“Well, in terms of respect or not, we don’t judge conferences, we judge the teams and how they play,” she said. “When we were looking at Louisville versus West Virginia a couple of things stood out. One, Louisville played six games in the top 50 with only two wins, and West Virginia had seven wins alone in the top 50. That was one of the distinguishing factors.
“The other thing with West Virginia, they’re the Big 12 regular season co-champs. Those two things, along with numerous times watching those teams, the committee gave the nod to West Virginia.”
On the flip side, the Mountaineers have a legitimate gripe with the potential of playing tournament games on the home floors of lower-seeded LSU and Louisville, should they advance.
“In order to protect our one seeds in the first and second-round games so they don’t have to play on a lower seeded team’s court, we placed South Carolina in Seattle and Notre Dame in Toledo,” said Henry. “In doing that, in protecting those one seeds, we could not protect the number two seeds.
“(Duke and Baylor are host schools and) that left Stanford and West Virginia having to play on a lower seeded team’s court. Unfortunately, the way that our procedures are and our principles, we cannot avoid that,” she said.
West Virginia will play 15-seed Albany on Sunday afternoon at 3 p.m. with the possibility of facing seventh-seeded LSU on its home floor in the second round. After that, a meeting against Louisville on its home floor in Louisville could also happen in the round of 16.
At some point veteran Mike Carey is going to catch a break in postseason play, unfortunately, it’s not going to be this year, though.
If you have some free time on Saturday, you ought to head on over to the Coliseum and check out the 2014 Big 12 gymnastics championships. It is the first-ever Big 12 championship event taking place in Morgantown. The meet begins at 4 p.m. and features league favorite Oklahoma, ranked third in the country this week. Tickets are priced at $5 for adults, $3 for youths and groups of 10 or more are priced at $2 per person. Additionally, tickets are free for all Big 12 Conference students with a valid student I.D. You can log on to WVUGAME.com to get your tickets in advance.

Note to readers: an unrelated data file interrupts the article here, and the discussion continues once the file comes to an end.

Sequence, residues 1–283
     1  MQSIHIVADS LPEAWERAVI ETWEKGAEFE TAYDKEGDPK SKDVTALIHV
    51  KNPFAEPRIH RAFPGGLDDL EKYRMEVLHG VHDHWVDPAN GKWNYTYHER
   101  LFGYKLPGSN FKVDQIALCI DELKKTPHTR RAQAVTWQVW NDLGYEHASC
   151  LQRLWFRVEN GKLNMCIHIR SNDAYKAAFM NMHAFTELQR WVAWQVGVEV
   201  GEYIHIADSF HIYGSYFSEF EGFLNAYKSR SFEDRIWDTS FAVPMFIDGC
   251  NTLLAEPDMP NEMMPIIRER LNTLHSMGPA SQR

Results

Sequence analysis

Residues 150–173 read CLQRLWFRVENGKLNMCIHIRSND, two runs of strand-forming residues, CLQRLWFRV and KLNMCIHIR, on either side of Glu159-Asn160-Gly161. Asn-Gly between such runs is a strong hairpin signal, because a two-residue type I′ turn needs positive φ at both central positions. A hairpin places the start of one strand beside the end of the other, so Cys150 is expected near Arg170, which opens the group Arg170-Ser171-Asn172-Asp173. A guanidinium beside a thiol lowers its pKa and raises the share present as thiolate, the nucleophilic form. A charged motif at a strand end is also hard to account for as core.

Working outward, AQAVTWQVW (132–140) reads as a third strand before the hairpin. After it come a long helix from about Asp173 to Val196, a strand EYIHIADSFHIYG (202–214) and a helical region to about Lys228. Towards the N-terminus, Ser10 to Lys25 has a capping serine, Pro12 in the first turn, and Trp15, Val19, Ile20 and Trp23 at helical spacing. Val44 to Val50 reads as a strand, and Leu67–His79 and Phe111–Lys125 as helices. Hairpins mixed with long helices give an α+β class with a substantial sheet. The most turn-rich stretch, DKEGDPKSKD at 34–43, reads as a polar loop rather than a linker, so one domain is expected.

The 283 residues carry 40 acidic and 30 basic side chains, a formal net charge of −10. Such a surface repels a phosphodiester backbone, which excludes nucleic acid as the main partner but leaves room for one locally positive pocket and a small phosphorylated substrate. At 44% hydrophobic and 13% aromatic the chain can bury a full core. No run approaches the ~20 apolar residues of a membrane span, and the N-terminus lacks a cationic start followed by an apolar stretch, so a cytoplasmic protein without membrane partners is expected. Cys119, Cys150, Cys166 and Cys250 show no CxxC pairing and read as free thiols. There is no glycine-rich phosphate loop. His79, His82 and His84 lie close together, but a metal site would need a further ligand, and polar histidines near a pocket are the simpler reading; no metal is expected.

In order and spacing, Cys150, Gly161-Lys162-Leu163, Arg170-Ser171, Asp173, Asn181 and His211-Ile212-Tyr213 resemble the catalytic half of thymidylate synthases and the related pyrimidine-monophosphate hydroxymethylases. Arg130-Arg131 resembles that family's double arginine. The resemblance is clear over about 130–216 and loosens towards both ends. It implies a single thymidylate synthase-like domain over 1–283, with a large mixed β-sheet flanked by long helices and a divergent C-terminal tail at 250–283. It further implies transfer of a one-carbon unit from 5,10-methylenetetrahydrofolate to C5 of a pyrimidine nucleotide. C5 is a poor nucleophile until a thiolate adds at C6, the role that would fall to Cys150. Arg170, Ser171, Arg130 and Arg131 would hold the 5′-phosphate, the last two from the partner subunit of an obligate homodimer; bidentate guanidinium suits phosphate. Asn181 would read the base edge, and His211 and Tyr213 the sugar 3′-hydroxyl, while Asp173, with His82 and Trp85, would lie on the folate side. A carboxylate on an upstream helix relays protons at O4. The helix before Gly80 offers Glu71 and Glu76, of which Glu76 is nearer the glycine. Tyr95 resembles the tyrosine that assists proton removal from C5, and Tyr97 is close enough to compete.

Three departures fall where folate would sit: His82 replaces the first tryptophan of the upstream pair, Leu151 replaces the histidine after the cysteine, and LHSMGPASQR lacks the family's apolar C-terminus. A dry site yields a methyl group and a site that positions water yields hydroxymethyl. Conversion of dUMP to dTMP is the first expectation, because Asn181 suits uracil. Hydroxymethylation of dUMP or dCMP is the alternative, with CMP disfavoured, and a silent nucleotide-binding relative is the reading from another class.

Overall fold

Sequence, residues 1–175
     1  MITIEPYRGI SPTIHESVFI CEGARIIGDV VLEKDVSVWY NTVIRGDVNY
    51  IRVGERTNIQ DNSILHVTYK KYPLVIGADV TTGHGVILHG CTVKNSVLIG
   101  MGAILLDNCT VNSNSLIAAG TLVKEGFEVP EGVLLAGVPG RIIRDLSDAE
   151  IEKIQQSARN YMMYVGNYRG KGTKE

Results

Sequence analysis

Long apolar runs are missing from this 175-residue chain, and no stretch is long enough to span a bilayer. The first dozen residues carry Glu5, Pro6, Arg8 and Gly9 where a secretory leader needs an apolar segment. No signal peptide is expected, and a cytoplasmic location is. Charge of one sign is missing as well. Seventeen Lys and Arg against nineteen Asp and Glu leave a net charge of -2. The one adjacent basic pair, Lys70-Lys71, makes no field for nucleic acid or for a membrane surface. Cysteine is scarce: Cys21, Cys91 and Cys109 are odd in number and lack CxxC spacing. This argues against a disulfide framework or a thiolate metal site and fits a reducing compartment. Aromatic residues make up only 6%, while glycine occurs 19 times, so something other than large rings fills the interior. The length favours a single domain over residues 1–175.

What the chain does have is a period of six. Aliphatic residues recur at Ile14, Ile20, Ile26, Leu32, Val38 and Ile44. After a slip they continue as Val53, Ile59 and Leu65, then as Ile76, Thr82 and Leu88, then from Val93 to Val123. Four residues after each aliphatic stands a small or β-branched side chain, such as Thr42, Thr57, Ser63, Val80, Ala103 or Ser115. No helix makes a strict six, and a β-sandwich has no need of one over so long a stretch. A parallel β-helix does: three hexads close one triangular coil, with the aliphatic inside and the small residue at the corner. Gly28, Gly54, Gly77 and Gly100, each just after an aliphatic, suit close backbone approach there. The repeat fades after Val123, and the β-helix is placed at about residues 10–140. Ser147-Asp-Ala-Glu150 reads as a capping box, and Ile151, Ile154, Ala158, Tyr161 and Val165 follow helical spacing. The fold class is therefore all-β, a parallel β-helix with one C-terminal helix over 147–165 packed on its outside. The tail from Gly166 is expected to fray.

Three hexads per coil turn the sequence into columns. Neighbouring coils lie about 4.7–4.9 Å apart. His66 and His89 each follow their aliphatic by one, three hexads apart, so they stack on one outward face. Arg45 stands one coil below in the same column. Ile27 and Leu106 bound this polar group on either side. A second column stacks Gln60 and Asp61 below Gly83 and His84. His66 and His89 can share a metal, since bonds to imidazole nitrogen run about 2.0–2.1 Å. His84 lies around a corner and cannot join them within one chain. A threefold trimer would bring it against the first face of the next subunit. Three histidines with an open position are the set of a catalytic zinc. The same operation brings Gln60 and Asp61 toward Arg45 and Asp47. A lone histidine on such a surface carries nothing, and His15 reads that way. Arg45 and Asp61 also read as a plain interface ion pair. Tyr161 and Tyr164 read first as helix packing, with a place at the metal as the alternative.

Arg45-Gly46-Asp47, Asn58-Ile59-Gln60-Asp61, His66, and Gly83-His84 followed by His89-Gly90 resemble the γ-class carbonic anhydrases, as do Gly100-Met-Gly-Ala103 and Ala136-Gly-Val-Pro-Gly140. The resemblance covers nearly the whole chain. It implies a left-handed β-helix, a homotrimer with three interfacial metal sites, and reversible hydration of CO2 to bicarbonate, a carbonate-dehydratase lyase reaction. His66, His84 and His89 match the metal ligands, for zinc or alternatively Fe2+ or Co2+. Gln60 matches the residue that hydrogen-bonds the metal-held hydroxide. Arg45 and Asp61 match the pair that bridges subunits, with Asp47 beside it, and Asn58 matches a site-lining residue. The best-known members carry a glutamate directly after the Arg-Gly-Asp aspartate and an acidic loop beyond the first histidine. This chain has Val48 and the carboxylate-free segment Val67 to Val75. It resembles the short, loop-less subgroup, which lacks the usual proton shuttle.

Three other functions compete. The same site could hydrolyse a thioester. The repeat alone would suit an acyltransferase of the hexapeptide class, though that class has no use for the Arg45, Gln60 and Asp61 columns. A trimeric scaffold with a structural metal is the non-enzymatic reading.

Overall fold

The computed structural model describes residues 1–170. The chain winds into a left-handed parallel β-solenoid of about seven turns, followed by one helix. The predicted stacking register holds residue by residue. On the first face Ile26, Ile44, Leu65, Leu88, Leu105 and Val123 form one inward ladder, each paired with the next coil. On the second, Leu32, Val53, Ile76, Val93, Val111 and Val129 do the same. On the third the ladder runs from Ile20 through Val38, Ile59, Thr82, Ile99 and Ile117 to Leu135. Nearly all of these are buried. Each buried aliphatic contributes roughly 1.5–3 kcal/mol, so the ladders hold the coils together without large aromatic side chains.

The real spring football work for the Mountaineers begins today with the start of full-contact drills. One thing that bears repeating with this year’s team: West Virginia has just 10 returning seniors on offense and only seven returning seniors on defense.
That means there are 41 freshmen, redshirt freshmen and sophomores on this year’s spring football roster. Throw in 15 newcomers arriving sometime this summer and you are still taking about an awful, awful young football program.
There are 24 players in this year’s junior class, meaning 2014 will be the third-straight year that Coach Dana Holgorsen has had a smaller-than-usual senior class to work with.
That will obviously change in 2015 if all of the juniors stick around.
Speaking of Holgorsen, the coach has always preferred running a fast-paced offense. The quicker the better, he believes. But last year, there were times when Holgorsen had to slow things down to help out his young team.
New defensive coordinator Tony Gibson explains.
“I thought Dana did a great job last year of knowing we many not be able to score 50 points, or we are not going to be able to stop people on every series, so let’s slow the game down and try and limit possessions,” he said. “Early in the year when we were healthy (on defense) we were in games.
“Now, were we world beaters? No. But we were getting better and then we started to get guys banged up,” Gibson noted. “The better we get on offense and the better we get on defense we’re going to be able to go faster. We’ve got no issues with that.”
In some respects, having an offense that is scoring lots of points – no matter how quickly it scores – can actually make things easier for the defense.
“Score points and keep them on their heels,” said Gibson. “Regardless of whether he’s (playing fast) or not, the other team is going to do it in this league. I think it fits and it doesn’t bother me at all. In practice, I want (the offense) to go as fast as it can with us.”
And finally, since the stuff that goes out on our websites and social media pages generally falls under my domain, some of the guys in the athletic department jokingly say that I possess the keys to the Internet.
Well, this guy actually does have the keys to the Internet: http://time.com/27682/key-to-internet-pail-klane-british/
If they are having trouble getting on, they can blame him, not me!
Enjoy your week!